Bates wrote a lot of novels and stories. Twenty-five novels, I think, a dozen story collections, books of criticism and books for children, three autobiographies, and God knows what else. Apparently he's quite well known and here I am, just now stumbling over his tomb. His writing career spanned the years 1926 to 1974, and for much of that time he put out a novel and a story collection each year. So a prolific and busy writer.
Henry Miller's preface to this collection calls Bates "rather conventional," by which I suppose Miller means that Bates was not in the least an experimental writer. Bates was not deeply influenced by the Moderns, in other words. Which is fine, because the best of the Bates I've read (which is not much, percentage-wise), is mighty fine stuff.
Miller also compares Bates to Isaac Bashevis Singer, which I suppose is a fair comparison, though perhaps I thought that Bates is closer in style, at least, to J. D. Salinger or even Ernest Hemingway. There is a directness of speech, a journalistic clarity of style, to Bates' writing that seemed quite modern (if not Modern) and even American rather than English. Part of that American is likely my inability to read Bates' use of the Northamptonshire dialect as being anything but a rural American dialect, like something out of Faulkner or O'Connor or Twain:
But she did not think of it much. Apart from the heaviness of her body she felt strong and well. And the country was new to her, the fields strange and the river wider than she had ever dreamed.Bates' rural folks say "ain't," go fishin', drink hooch, and I cannot convince my inner reading voice to give these people anything but a backwoods American accent. Though once in a while someone says "blimey" or eats Yorkshire pudding.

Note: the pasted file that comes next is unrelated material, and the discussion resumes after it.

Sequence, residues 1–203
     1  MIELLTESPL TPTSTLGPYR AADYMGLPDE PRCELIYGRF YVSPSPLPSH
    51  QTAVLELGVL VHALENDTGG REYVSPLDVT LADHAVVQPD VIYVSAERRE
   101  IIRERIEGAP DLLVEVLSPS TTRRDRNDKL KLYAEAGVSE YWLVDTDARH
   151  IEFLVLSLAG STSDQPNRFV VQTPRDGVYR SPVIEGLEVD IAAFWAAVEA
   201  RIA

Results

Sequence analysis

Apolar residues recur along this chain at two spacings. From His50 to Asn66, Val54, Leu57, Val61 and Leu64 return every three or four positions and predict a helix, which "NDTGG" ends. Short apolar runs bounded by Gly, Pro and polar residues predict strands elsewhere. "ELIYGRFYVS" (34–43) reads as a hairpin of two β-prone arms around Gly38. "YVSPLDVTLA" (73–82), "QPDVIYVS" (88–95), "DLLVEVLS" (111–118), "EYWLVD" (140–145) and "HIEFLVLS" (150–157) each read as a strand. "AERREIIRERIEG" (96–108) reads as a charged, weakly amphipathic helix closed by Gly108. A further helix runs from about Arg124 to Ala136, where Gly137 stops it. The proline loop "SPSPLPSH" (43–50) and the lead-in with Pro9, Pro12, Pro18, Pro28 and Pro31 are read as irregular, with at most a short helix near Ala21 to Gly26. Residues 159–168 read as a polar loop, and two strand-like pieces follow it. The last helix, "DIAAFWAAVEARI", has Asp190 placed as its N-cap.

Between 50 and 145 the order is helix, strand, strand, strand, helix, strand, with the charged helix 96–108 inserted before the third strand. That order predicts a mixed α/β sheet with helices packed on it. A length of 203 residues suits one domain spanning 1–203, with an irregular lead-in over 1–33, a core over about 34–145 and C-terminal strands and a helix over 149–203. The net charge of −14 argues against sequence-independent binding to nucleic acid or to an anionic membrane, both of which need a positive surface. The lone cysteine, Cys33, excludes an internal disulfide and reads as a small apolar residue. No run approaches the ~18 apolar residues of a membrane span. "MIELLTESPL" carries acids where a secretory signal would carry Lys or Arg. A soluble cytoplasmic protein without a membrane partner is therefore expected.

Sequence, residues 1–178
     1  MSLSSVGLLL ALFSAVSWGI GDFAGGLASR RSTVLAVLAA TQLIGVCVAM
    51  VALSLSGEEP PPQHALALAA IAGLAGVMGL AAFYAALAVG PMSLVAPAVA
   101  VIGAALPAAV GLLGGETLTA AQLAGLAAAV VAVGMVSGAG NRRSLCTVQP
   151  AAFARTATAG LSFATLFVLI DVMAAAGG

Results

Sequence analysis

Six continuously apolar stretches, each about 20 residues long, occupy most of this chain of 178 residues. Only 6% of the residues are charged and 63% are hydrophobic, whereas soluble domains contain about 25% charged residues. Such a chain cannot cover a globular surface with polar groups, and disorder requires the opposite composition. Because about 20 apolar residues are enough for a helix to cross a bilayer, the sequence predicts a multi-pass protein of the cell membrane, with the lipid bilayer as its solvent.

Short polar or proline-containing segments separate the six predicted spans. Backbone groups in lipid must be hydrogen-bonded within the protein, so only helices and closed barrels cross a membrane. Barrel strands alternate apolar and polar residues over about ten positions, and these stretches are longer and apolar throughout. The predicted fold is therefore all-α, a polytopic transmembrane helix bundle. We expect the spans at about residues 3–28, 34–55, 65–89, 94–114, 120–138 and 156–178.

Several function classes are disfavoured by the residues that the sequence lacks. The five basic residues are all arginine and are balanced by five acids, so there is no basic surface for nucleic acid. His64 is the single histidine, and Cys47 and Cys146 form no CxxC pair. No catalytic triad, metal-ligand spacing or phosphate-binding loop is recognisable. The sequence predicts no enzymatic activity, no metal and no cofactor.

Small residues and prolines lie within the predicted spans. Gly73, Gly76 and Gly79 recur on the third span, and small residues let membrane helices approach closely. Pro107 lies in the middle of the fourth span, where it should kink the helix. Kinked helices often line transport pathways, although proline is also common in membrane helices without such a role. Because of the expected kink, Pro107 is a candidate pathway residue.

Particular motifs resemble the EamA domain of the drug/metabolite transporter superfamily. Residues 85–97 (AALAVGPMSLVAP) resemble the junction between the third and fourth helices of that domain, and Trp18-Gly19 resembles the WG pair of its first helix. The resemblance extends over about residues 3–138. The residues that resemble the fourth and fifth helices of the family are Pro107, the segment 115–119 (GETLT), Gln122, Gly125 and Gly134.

It was the river, for some reason, which struck her most. 'Don't it git big?' she said. 'Ain't it wide?'
'Wide,' Albert said. 'You want to see the Rhine. This is only a brook.' And he went on to tell her of the Rhine. 'Take you quarter of hour to walk across. And all up the banks you see Jerry's grapes. Growing like twitch. And big boats on the river, steamers. I tell you. That's the sort o' river. You ought to see it. Like to see a river like that, wouldn't you?'
'Ah, it's a long way off. A thousand miles near enough.'
Anyway, what's good or even great about these stories is that Bates has taken Chekhov's formula for a story (a man, a woman, and a reason for them to be unhappy) and run with it, peering deeply and objectively into his characters the while. A good example is "The Kimono," in which sense gives way to sensuality.
'Why don't you just come up and see the room?' she said. 'Just come up.'The narrator is in London to interview for an engineering job, and cannot find the hotel he was advised to stay at. He's stumbled into Blanche's shop for an ice but the ice machine is broken. He spends the night in Blanche's arms, gets the job the next day and then returns home to marry Hilda, his fiance. Despite Hilda, our narrator cannot stay away from Blanche. He abandons Hilda, he abandons the prestigious engineering firm, and he abandons his family and friends to live above Blanche's shop until he is eventually abandoned by Blanche. If I was to compare "The Kimono" to a Chekhov story, I'd point to "Three Years," maybe.
'Come up and see it. It won't eat you.'
She opened the rear door of the shop and in a moment I was going upstairs behind her. She was not wearing any stockings. Her bare legs were beautifully strong and white. The room was over the cafe. It was a very good room for three and six. The new wall-paper was silver-leaved and the bed was white and looked cool.
And suddenly it seemed silly to go out into the heat again and wander about looking for Wade's Hotel when I could stay where I was.